A tale of a giant cheese, a loaf of bread and the First Amendment

Today marks an interesting anniversary in U.S. history—the first known appearance of a huge loaf of bread at the White House, as a tribute to an equally giant, politically charged cheese wheel that symbolized the First Amendment.

The Cheshire Cheese Monument

The Cheshire Cheese Monument.

The bread was called the “Mammoth Loaf,” and it was made by the U.S. Navy for President Thomas Jefferson, to be eaten at a party in the Senate on March 26, 1804.

The bread was made to honor “The Mammoth Cheese”–a 1,200-pound cheese wheel sent to Jefferson two years earlier as a political statement about religious freedom.

The Mammoth Cheese was conceived by Elder John Leland, a Jefferson supporter in the Federalist hotbed of Massachusetts. (Jefferson belonged to the rival Democratic-Republican party.)

Leland enlisted the ladies of his Baptist congregation to make the giant cheese. He reportedly barred milk from “Federalist cows” from being used in the cheesemaking process. Using milk from 900 Republican cows, they used a large cider press to form the cheese. Leland also carefully ensured that no slaves were used to make the cheese.

Leland’s followers were Baptists in the decidedly non-Baptist New England, and the cheese was seen as a symbol of religious freedom and diversity. The cheese was engraved with the motto “Rebellion to tyrants is obedience to God.”

The Federalist newspapers weren’t amused by the stunt, and they called it “mammoth” as an insult.

The controversy of the word “mammoth” was linked to Jefferson and Charles Willson Peale, the painter and naturalist who had displayed mammoth bones found in America at his Philadelphia museum. Jefferson contributed to Peale’s mammoth research, which the Federalists thought was a waste of funds. Jefferson used the mammoth as a symbol to counter the claims of the French scientist Georges-Louis Leclerc, Comte de Buffon, who said that Europe had bigger animals than the Americas and that therefore Europe’s residents were superior to Americans. The American people sided with Jefferson on the “mammoth issue,” and his supporters started using the word to describe various things related to Jefferson.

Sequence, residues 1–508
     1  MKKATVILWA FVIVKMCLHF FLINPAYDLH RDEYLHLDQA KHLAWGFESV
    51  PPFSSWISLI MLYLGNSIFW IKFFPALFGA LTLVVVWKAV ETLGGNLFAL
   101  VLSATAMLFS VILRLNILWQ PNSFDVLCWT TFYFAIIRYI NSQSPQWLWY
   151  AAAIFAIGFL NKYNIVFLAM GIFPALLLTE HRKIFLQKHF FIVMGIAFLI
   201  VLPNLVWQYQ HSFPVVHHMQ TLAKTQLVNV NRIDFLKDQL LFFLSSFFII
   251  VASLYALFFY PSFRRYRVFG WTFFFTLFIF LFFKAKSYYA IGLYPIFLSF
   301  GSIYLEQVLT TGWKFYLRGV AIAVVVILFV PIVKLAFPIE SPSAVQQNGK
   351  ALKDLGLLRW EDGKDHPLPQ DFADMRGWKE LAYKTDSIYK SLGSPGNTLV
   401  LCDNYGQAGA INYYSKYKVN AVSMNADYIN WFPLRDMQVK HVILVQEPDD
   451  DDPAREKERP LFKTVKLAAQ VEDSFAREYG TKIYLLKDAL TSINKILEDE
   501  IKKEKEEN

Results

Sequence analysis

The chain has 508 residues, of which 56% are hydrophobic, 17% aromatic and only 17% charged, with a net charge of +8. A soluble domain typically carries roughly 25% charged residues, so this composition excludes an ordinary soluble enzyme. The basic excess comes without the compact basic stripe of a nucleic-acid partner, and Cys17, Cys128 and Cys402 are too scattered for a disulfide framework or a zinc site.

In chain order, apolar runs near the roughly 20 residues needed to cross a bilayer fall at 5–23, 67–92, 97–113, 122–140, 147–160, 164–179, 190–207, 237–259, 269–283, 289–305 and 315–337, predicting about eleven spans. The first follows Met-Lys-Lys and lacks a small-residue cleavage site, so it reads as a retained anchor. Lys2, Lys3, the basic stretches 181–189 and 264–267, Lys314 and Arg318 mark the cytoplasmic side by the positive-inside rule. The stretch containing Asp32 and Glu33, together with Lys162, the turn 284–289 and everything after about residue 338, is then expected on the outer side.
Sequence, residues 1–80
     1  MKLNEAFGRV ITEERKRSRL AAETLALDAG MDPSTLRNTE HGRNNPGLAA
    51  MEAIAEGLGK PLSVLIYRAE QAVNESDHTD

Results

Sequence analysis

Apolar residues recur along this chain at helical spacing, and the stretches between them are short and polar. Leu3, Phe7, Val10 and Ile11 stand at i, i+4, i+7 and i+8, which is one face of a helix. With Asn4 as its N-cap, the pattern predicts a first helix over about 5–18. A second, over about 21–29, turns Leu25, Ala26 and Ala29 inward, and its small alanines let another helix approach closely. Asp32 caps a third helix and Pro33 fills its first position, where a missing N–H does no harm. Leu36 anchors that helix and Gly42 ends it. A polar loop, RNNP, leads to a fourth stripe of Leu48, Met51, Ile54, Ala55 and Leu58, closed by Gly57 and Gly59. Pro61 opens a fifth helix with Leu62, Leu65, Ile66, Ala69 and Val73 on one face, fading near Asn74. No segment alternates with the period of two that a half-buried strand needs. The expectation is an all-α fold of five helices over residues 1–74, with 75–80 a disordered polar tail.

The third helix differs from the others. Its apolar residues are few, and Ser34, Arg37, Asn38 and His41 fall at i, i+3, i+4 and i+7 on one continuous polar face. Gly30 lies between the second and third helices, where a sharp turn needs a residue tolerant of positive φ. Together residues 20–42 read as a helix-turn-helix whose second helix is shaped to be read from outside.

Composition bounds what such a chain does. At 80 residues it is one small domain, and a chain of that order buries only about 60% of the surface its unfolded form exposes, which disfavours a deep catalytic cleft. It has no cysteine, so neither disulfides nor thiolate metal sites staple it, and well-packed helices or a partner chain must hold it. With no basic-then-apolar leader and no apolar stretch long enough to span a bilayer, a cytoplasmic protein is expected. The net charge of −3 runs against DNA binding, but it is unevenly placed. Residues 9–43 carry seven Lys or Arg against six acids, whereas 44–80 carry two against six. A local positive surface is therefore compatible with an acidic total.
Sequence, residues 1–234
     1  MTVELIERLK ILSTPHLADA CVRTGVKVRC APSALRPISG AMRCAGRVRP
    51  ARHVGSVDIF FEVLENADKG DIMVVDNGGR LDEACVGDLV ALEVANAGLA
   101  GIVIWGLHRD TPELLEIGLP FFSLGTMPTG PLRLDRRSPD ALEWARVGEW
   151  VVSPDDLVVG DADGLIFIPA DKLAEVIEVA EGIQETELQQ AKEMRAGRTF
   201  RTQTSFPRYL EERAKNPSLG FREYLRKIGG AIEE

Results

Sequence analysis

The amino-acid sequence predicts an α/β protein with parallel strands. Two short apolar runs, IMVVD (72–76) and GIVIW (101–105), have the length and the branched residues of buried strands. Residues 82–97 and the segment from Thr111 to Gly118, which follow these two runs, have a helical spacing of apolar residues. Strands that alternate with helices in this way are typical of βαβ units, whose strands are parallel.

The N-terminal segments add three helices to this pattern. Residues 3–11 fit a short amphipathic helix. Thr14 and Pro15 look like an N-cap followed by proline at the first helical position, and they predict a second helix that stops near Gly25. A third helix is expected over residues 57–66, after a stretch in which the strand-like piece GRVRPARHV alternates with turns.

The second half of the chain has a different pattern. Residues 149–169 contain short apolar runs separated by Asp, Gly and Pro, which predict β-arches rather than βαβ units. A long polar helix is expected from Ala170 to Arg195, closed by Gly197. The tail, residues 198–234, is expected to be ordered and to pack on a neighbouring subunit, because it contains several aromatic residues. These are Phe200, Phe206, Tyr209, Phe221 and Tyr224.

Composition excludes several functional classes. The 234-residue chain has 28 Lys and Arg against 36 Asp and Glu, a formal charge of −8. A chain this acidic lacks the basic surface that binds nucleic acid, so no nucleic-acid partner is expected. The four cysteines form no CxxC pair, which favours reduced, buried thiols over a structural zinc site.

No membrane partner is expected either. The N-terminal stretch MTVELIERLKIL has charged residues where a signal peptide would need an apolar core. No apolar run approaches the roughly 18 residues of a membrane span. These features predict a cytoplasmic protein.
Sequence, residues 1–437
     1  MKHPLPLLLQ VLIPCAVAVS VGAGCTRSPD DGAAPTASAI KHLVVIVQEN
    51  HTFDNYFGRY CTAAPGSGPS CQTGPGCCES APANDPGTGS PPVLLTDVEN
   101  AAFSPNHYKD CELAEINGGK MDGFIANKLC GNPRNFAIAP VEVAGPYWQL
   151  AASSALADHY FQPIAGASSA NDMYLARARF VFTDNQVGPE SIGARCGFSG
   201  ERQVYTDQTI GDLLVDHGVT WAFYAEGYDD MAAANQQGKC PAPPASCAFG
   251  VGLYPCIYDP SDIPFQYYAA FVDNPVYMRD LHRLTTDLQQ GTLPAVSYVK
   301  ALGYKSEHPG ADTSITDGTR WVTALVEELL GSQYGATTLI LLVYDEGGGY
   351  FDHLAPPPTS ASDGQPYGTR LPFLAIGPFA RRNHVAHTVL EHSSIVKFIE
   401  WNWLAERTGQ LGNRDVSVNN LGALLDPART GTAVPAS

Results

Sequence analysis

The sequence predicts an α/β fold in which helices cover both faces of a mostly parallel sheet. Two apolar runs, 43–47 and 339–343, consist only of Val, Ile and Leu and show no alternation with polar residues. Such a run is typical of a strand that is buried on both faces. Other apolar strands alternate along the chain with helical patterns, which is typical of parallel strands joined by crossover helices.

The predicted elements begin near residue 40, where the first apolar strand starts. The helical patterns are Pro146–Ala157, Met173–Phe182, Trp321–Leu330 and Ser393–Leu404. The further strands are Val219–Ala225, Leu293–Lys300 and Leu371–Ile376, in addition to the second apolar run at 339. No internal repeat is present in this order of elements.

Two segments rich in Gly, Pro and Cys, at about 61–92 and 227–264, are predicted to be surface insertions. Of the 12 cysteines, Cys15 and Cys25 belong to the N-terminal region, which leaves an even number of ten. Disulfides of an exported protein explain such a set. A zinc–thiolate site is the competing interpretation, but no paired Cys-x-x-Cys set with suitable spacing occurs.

The Mammoth Loaf arrived in March 1804 on Capitol Hill as the Mammoth Cheese was two years old and past its prime.

The loaf was placed in a Senate committee room, along with a large amount of roast beef, cider, and whiskey. There isn’t convincing evidence that the Mammoth Cheese (or its remaining parts) were part of the feast. The cheese still existed somewhere in Washington, in a greatly diminished form.

The party continued at length, with Jefferson personally involved in the consumption and celebration of mammoth foods.

But the symbolism of the Mammoth Cheese was most poignant on New Year’s Day in 1802, when Leland and his followers personally delivered the cheese to Jefferson at the White House. Jefferson thanked the men at a ceremony and paid them $200 for the cheese.

The event may have inspired Jefferson to finish an important letter that very same day to a different group of New England Baptists.

The president wrote to a group in Connecticut about the “wall of separation” in response to a letter he received from the group several days earlier.

In what became known as the Danbury Baptist letter, Jefferson stated:

“I contemplate with sovereign reverence that act of the whole American people which declared that their legislature should ‘make no law respecting an establishment of religion, or prohibiting the free exercise thereof,’ thus building a wall of separation between Church and State.”

Jefferson’s phrase “wall of separation” was cited by the Supreme Court as the justification for the separation of church and state implied in the First Amendment. Critics point to the fact that the concept of the “wall of separation” is Jefferson’s and doesn’t appear in the Constitution.

The success of Jefferson’s Mammoth Cheese was repeated in 1835, when a group of farmers in Oswego, New York, made an even bigger cheese and sent it to President Andrew Jackson.

Like Jefferson, Jackson waited two years to have a large party, when he invited people of all classes into the White House to 1837 to finish off the New York cheddar.

The great cheeses were also referenced in several episodes of the TV show The West Wing, when a fictional president granted White House access to people on “Big Block of Cheese Day,” in a tribute to the Jackson cheese.

Scott Bomboy is the editor in chief of the National Constitution Center.

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